unresponsive to oral /instillation therapy were treated with a
combination of Elmiron H2RA (cimetidine). Twelve (70%)
patients had a good response to therapy over a 22-month period
with relief of all symptoms in 6 patients or abolition of pain
only in 6 others. Recent understanding of the role of H2RA in
IC has encouraged the use of oral therapy in the management of
IC and reduced the need for surgical intervention.

A. Holzberg, S. Kellog-Spadt, J. Lukban, and K. Whitmore


Pelvic Floor Institute, Graduate Hospital, Philadelphia, Pennsylvania, USA
The purpose of this study was to assess the effectiveness of
transvaginal Theile massage on high-tone pelvic floor musculature in patients with interstitial cystitis (IC).
A sample of 10 subjects was recruited from a large
urban urologic practice that specializes in IC. Subjects had a
confirmed diagnosis of IC by bladder overdistention and biopsy
and significant complaints of frequency, urgency, and/or pain.
Subjects underwent a genitourinary physical exam to elicit and
document pelvic floor tone and trigger points as well as an
objective evaluation of resting and contracting pressures during
a Kegel maneuver. Subjects underwent a total of 6 intravaginal
massage sessions using the Theile stripping technique. This
technique encompasses a deep vaginal massage via a back and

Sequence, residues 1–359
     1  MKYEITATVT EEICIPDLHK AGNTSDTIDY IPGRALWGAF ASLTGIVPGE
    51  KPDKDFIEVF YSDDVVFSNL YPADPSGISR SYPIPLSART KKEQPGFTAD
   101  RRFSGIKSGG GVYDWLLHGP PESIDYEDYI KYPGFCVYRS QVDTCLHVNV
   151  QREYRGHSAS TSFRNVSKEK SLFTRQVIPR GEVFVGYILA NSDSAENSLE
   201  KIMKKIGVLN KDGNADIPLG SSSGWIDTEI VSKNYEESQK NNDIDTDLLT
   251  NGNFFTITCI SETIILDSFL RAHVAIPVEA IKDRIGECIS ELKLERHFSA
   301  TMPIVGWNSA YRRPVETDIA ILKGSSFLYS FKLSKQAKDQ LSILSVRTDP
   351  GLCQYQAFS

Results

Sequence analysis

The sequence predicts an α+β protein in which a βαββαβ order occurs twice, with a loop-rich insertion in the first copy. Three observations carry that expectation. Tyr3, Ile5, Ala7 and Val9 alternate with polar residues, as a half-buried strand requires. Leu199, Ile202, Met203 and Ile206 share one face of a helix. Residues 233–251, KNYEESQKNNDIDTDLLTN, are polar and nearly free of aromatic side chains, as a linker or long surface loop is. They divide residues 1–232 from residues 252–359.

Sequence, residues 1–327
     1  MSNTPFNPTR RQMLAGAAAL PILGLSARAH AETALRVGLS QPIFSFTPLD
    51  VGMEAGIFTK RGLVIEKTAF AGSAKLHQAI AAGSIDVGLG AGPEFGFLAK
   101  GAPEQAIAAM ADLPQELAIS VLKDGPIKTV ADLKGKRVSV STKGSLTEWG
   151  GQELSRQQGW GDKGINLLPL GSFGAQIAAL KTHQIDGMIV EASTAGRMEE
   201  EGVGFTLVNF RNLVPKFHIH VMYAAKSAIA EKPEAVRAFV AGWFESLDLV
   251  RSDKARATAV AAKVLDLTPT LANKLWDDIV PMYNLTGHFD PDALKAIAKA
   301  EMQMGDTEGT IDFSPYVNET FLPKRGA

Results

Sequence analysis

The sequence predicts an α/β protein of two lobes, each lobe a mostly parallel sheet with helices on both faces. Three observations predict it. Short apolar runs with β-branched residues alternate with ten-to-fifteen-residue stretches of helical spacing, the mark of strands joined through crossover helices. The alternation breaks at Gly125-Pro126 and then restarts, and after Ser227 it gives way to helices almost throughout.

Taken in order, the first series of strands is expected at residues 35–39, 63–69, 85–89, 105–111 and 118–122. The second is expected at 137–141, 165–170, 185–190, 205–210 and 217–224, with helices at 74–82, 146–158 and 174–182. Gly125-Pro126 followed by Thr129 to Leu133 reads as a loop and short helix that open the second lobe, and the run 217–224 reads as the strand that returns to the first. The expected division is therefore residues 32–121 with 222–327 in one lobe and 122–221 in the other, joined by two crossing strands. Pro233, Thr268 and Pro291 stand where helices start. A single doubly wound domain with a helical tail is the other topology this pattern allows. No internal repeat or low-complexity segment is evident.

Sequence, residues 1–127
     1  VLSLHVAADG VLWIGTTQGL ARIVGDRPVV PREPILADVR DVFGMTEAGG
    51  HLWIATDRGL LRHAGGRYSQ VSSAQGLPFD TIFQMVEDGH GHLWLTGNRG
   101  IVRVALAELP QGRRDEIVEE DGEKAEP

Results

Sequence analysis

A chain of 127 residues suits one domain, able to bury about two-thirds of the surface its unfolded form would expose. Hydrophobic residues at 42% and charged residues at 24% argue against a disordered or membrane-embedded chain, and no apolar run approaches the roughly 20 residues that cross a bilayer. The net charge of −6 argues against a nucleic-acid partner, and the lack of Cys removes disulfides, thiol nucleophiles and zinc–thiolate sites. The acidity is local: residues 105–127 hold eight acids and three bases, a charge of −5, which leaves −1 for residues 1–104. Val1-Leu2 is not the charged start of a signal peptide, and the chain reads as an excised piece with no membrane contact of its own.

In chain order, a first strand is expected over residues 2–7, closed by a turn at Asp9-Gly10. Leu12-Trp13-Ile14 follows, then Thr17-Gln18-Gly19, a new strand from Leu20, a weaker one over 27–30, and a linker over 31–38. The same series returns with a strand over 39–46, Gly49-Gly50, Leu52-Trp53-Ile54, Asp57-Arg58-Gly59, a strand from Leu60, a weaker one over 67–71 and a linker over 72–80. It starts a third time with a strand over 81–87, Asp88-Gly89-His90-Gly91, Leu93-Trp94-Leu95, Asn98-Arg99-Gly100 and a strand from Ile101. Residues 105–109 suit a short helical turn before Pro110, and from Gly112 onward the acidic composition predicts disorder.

forth motion over the levator ani, obturator internus, and
piriformis muscles as well as a myofacial release technique
whereas a trigger point was identified, pressure was held for 8
to 12 seconds and then released. Patients were then questioned
on their subjective improvement in said symptoms.
A total of 90% of patients showed a subjective improvement in frequency and/or nocturia, urgency, and pain. The
digital exam showed a marked improvement in the patients
ability to contract and then relax their pelvic floor musculature.
As a result of the close anatomic proximity of the
bladder to its muscular support, it appears that internal vaginal
massage can lead to subjective improvement in symptoms of
IC. This treatment provides an easy noninvasive method in the
ongoing quest to ease the symptoms caused by this disease.

ICBR-48
Medical Therapy in Interstitial Cystitis: The Essex
Experience
H. Lewi